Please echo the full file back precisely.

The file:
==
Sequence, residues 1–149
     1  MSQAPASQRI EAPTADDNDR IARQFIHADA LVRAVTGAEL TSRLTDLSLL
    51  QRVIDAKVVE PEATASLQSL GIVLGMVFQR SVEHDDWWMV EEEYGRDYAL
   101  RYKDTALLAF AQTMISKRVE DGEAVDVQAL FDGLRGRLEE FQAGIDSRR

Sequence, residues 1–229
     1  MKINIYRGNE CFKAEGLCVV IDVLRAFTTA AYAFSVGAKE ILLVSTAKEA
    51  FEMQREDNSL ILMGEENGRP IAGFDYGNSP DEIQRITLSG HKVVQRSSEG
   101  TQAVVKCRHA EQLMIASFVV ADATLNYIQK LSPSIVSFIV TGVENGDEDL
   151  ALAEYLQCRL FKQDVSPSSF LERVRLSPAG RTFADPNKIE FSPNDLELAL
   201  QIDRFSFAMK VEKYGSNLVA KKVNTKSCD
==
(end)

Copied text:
Sequence, residues 1–149
     1  MSQAPASQRI EAPTADDNDR IARQFIHADA LVRAVTGAEL TSRLTDLSLL
    51  QRVIDAKVVE PEATASLQSL GIVLGMVFQR SVEHDDWWMV EEEYGRDYAL
   101  RYKDTALLAF AQTMISKRVE DGEAVDVQAL FDGLRGRLEE FQAGIDSRR

Sequence, residues 1–229
     1  MKINIYRGNE CFKAEGLCVV IDVLRAFTTA AYAFSVGAKE ILLVSTAKEA
    51  FEMQREDNSL ILMGEENGRP IAGFDYGNSP DEIQRITLSG HKVVQRSSEG
   101  TQAVVKCRHA EQLMIASFVV ADATLNYIQK LSPSIVSFIV TGVENGDEDL
   151  ALAEYLQCRL FKQDVSPSSF LERVRLSPAG RTFADPNKIE FSPNDLELAL
   201  QIDRFSFAMK VEKYGSNLVA KKVNTKSCD